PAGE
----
FaxNotes from Children’s Medical Center

FaxNotes
from Children’s Medical Center
Dallas, Texas
A M O N T H LY U P D AT E F O R T H E P H Y S I C I A N C O M M U N I T Y
• JUNE 2010
GRAND ROUNDS
MEDICAL UPDATE: Atypical or incomplete Kawasaki Disease
There are no Grand Rounds scheduled. Grand
Rounds will resume in September.
To ensure prompt diagnosis and
treatment of patients with incomplete or
atypical Kawasaki Disease, the American
Heart Association published guidelines for
the diagnosis, treatment and long-term
management of these patients in 2004
(http://circ.ahajournals.org/cgi/reprint/11
0/17/2747). An algorithm was developed
for the evaluation of patients with suspected incomplete KD that should be used for
evaluating these patients. This should be
part of every pediatric practice, and all
patients with Kawasaki Disease should be
followed by a cardiologist.
Diagnosis of classic Kawasaki Disease
includes fever ≥5 days, and presence of at
least four of the following: edema or peeling of skin on the extremities, polymorphous rash, bilateral non-exudative conjunctivitis, red lips and mouth and/or unilateral cervical adenopathy > 1.5 cm.
The children with Kawasaki Disease
(KD) who are most frequently missed are
infants and teens. Infants younger than 6
months may present only with prolonged
fever and few if any signs of KD. Teens
may present with what appears to be a
cervical adenitis, fever and a rash ascribed
to a drug reaction.
Incomplete KD should be considered in
all children with unexplained fever ≥ 5
days with two or three principal clinical
features of KD. Using the algorithm, these
children must get a sedimentation rate
(ESR) and or CRP and if the ESR is ≥ 40
or the CRP ≥ 3.0, then supplemental labs*
must be drawn. If three or fewer of these
supplemental labs are positive, an echocardiogram should be done. If the echo is
positive, admit for IVIG. If three or more
supplemental labs are positive, treat with
IVIG and echo.
In addition, infants 6 months or
younger with fever ≥ 7 days, without
other explanation, should get a ESR or
CRP, and if either is abnormal, should get
an echocardiogram. If the echo is positive, treat with IVIG, even if the infants
have no other clinical criteria of KD.
For more information on our
Kawasaki Disease Clinic, contact Dr.
Candace Gibbin at Children’s Medical
Center at Legacy at 469-303-4300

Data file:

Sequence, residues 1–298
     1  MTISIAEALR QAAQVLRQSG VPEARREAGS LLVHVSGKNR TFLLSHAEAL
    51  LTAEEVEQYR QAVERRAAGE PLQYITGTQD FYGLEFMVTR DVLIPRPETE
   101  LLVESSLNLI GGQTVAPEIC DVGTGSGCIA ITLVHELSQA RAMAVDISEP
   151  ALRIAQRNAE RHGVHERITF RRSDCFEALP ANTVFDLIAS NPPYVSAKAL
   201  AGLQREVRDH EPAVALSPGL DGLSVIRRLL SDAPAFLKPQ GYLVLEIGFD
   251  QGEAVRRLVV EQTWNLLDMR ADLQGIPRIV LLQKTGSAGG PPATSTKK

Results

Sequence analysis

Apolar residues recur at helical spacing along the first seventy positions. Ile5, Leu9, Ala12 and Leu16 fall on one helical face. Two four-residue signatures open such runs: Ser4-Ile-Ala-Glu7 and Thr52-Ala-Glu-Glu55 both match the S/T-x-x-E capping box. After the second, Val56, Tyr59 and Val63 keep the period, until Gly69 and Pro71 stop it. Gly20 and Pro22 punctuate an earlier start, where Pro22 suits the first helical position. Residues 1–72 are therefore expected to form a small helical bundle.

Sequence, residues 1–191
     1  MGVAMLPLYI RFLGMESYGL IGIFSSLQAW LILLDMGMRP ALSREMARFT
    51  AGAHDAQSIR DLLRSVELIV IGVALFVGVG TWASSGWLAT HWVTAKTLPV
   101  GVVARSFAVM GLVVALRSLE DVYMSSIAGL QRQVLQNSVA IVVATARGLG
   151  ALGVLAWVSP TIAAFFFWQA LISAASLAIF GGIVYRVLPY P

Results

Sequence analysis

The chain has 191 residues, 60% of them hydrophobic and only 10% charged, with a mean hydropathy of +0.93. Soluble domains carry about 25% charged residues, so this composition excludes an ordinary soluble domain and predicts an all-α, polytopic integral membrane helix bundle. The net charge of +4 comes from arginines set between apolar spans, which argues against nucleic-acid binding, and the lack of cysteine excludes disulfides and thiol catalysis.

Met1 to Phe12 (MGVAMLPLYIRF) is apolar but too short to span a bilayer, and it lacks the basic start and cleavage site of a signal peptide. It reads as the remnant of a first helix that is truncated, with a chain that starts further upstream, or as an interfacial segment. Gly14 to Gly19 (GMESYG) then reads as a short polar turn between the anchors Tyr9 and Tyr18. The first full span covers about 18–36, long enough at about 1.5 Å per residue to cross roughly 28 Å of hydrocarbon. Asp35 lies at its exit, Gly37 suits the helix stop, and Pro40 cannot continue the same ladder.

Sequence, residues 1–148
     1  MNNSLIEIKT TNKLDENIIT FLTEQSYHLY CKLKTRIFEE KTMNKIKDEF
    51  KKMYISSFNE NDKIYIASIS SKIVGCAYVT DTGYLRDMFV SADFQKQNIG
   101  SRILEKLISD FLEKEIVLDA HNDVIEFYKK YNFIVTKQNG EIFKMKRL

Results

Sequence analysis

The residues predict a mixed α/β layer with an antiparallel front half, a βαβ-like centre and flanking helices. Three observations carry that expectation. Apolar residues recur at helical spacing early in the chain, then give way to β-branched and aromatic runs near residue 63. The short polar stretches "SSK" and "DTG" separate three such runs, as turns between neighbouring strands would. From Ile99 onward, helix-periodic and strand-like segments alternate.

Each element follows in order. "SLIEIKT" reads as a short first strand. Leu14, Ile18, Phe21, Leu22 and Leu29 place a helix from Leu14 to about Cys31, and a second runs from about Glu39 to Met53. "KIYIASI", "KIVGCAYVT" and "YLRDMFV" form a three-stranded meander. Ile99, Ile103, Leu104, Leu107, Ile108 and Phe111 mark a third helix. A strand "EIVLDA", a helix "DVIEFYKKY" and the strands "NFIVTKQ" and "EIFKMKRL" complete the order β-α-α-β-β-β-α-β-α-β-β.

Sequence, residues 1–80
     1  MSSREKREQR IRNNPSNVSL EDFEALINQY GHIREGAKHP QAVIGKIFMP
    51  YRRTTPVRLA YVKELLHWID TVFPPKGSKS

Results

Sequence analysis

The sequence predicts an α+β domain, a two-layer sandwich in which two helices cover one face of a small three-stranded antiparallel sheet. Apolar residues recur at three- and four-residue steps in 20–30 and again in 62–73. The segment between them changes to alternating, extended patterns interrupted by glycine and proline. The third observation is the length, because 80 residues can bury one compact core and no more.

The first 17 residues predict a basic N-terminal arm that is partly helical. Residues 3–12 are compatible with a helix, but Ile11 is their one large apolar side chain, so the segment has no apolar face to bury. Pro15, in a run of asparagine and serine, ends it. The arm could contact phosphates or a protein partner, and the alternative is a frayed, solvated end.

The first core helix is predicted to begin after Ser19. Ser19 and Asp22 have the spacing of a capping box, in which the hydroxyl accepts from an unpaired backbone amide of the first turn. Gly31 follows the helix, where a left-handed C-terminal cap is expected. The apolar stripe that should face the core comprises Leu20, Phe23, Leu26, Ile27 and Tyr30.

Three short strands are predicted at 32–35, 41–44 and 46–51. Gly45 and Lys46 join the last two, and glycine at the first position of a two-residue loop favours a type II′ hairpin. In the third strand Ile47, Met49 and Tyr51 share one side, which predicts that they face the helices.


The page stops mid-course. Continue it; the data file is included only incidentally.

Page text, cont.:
([email protected])
or Dr. Sarah Blumenschein at
Children’s Dallas at 214-456-2333
([email protected]).
*Supplemental labs: albumin ≤ 3,
increased ALT, anemia, plts > 450K after
7 days, WBC ≥15,000, UA ≥10 WBC/hpf
SERVICE UPDATE: PACT Program helps transition to adult healthcare
For consultations, to admit a
patient, schedule an ambulatory
appointment, or to arrange a
transfer to any location, call
888-730-DOCS(3627).
www.childrens.com
The Pediatric to Adult Care Transition
(PACT) Program at Children’s addresses
the needs of adolescents with chronic illnesses moving toward independent adulthood and allows families to prepare to
transition from pediatric to adult healthcare settings. PACT Education Days provide adolescents and their parents a
review of specific healthcare needs and
the skills needed to be successful in this
process. PACT Education Days include sessions tailored to specific chronic illnesses,
as well as topics related to living successfully as a young adult with chronic illness,
and also transitioning to and communicating in adult medical settings. A concurrent program is offered to help parents
foster assisted independence in adolescents. PACT Education Days are available
for GI, sickle cell disease, cystic fibrosis,
solid organ transplant, and the ARMS
Clinic. A PACT Education Day will be held
on Saturday, July 24, for sickle cell and
cystic fibrosis families. For more information about the cystic fibrosis and sickle
cell diesease program, contact Dr. Jamie
Grollman at 214-456-2976, or
[email protected]